An Advent Devotional

A few months ago, I was asked to write a devotion for the Trinity Lutheran Seminary Alumni Devotions. I was assigned December 20, and based my devotion on Galatians 4:1-7. You can find the entire devotion series here on Trinity’s website.

But when the fullness of time had come, God send his Son, born of a woman, born under the law, in order to redeem those who were under the law, so that we might receive adoption as children. -Galatians 4:4-5

When I was a little kid, a frightened, nearly-frozen dog crawled onto our porch on Christmas Eve. My mother was a groomer at the local pet store and cleaned him up, then posted “LOST” fliers all around the neighborhood. When no one called to claim Zeus (by now, my sister and I had named him), we took him home and, much to my father’s displeasure and the confusion of our German Shepherd, made him a part of our family. After all, how was Dad going to tell his two kids they couldn’t keep the dog that came to their house on Christmas Eve?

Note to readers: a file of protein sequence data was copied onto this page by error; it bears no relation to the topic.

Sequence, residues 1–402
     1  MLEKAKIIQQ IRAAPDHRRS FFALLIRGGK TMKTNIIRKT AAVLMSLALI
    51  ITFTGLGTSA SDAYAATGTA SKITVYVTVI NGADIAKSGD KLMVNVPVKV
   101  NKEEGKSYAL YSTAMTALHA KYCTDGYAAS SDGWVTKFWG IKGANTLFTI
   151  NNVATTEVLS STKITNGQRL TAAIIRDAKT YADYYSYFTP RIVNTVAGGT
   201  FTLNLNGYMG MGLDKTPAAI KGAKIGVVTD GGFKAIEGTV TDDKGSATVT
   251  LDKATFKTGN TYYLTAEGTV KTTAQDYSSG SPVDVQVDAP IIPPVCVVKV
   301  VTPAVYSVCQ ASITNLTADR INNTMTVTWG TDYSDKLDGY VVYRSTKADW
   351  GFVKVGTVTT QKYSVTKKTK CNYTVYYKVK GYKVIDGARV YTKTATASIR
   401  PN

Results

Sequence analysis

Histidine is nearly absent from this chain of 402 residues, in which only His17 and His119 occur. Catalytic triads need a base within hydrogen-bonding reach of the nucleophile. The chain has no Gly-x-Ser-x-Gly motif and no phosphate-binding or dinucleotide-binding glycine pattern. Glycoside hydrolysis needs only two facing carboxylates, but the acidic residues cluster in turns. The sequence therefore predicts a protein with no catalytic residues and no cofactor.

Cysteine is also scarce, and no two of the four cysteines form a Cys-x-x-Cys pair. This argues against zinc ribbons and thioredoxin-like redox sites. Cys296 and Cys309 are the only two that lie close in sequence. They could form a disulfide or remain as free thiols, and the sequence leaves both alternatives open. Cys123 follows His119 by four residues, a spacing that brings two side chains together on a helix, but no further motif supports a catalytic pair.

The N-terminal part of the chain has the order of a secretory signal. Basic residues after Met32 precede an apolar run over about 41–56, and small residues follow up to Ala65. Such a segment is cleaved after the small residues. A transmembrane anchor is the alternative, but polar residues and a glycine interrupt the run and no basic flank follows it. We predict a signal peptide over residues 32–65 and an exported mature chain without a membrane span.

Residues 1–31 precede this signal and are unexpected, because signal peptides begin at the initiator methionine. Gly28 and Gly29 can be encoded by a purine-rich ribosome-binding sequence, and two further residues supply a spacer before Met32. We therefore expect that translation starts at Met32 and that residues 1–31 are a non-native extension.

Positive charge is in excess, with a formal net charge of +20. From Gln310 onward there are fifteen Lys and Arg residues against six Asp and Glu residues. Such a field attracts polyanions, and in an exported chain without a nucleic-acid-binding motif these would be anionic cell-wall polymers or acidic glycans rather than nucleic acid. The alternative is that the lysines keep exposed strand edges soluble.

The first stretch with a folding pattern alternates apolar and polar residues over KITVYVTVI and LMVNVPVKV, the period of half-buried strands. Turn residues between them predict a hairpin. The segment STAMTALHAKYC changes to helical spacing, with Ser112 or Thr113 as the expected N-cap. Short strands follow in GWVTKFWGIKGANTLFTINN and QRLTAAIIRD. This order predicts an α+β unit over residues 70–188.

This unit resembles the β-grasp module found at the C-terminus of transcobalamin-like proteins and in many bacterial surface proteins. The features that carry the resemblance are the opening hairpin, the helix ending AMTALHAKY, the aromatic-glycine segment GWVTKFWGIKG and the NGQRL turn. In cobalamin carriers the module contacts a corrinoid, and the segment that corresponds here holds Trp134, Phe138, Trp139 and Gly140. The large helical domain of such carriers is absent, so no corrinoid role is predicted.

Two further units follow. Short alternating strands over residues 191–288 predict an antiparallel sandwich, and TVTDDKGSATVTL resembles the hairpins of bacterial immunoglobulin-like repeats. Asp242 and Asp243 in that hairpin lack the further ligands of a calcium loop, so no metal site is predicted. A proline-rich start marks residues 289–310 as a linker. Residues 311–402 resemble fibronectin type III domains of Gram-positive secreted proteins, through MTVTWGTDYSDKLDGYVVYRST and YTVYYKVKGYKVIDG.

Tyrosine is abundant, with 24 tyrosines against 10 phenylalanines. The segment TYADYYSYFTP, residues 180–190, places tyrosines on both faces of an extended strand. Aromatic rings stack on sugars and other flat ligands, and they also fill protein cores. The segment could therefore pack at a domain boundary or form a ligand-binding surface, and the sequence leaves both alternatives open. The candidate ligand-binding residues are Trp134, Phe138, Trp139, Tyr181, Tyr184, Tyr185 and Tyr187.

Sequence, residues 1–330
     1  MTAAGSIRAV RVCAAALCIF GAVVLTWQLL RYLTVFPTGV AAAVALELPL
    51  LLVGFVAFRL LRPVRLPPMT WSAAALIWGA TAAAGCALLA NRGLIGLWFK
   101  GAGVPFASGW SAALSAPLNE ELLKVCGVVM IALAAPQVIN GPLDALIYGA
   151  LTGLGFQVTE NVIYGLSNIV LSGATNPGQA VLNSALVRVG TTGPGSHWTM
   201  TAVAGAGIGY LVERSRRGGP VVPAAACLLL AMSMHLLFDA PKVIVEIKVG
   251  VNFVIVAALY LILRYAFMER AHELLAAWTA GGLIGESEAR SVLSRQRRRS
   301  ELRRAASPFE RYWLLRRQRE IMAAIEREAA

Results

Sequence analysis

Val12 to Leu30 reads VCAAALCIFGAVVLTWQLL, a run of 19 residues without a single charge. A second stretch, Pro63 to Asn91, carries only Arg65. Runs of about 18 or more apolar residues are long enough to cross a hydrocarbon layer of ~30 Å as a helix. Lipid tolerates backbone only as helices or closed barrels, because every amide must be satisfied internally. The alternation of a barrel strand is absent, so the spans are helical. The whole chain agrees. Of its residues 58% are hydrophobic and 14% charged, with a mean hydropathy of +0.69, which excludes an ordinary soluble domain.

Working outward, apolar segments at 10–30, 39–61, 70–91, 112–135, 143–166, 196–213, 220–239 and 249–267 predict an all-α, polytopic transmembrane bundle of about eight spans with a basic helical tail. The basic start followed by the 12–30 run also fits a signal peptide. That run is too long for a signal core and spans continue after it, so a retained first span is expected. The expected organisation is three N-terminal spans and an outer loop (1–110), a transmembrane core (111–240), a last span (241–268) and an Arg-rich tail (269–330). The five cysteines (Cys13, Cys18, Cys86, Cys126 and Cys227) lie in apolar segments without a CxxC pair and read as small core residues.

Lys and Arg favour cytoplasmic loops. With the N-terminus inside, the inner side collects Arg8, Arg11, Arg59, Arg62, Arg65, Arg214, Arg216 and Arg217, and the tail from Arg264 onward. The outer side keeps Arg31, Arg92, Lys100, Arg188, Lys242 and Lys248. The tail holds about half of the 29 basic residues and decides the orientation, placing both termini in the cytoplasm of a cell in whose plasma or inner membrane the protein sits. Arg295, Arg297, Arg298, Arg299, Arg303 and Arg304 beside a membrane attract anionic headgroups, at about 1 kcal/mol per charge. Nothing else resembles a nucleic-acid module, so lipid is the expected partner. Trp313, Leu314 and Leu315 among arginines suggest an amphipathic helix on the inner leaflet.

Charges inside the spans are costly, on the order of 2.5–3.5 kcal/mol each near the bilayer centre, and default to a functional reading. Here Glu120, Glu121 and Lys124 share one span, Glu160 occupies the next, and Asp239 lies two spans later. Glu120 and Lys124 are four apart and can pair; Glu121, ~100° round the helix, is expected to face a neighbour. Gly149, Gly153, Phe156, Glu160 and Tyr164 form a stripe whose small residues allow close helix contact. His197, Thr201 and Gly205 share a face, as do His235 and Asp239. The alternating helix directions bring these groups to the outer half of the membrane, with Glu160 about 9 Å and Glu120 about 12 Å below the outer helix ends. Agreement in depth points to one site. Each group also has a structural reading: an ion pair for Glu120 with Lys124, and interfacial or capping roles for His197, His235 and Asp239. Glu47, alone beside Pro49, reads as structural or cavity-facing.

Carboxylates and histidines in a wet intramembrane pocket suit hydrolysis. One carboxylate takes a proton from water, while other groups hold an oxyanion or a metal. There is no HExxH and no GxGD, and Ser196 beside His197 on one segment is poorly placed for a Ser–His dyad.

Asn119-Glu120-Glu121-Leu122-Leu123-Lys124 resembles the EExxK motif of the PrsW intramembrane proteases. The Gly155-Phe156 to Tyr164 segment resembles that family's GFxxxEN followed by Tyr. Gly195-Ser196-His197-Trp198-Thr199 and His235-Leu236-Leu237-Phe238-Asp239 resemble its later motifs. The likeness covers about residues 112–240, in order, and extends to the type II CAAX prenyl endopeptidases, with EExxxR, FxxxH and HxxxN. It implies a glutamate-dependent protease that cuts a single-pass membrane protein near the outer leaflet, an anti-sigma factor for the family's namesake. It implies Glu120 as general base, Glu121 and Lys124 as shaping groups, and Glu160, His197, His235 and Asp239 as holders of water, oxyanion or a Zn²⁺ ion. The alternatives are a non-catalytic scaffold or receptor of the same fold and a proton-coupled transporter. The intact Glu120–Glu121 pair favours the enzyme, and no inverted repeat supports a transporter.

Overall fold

Zeus knew right away that he was home. It was clear that he had been mistreated in the past–we always suspected his previous owners had abandoned him. But with us, he was a glutton for affection, and would happily spend hours being petted or brushed. He always wanted to be near us and grew to be a gentle and loving, if not very bright, family dog. He had been given new life that Christmas Eve.

Paul reminds the Galatians and us that at one time, we lived as slaves to evils outside our control. Like Zeus, our “owners” mistreated us. But when Christ came, God adopted us into a new family, a family where we are not only treated well, but are made heirs instead of slaves. We are now children of God, recipients of all the love God has to offer, and members of a new family. It is fitting that Zeus’s new life began on the very day that we remember Christ’s coming into the world and our own adoption into a new family. We saved his life that night, just as God saved ours.

Prayer: “Abba! Father!” Through Jesus Christ, you adopted us as your own sons and daughters and made us heirs of a new and better life. Nurture us and raise us to maturity. Hold at bay the forces that seek to re-enslave us, and listen to your children when we cry to you; in the name of your first-born Son, we pray. Amen.

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Author: Pastor Ken

Ken Ranos serves as the pastor of Faith Lutheran Church in Three Lakes, WI, a congregation of the Evangelical Lutheran Church in America.

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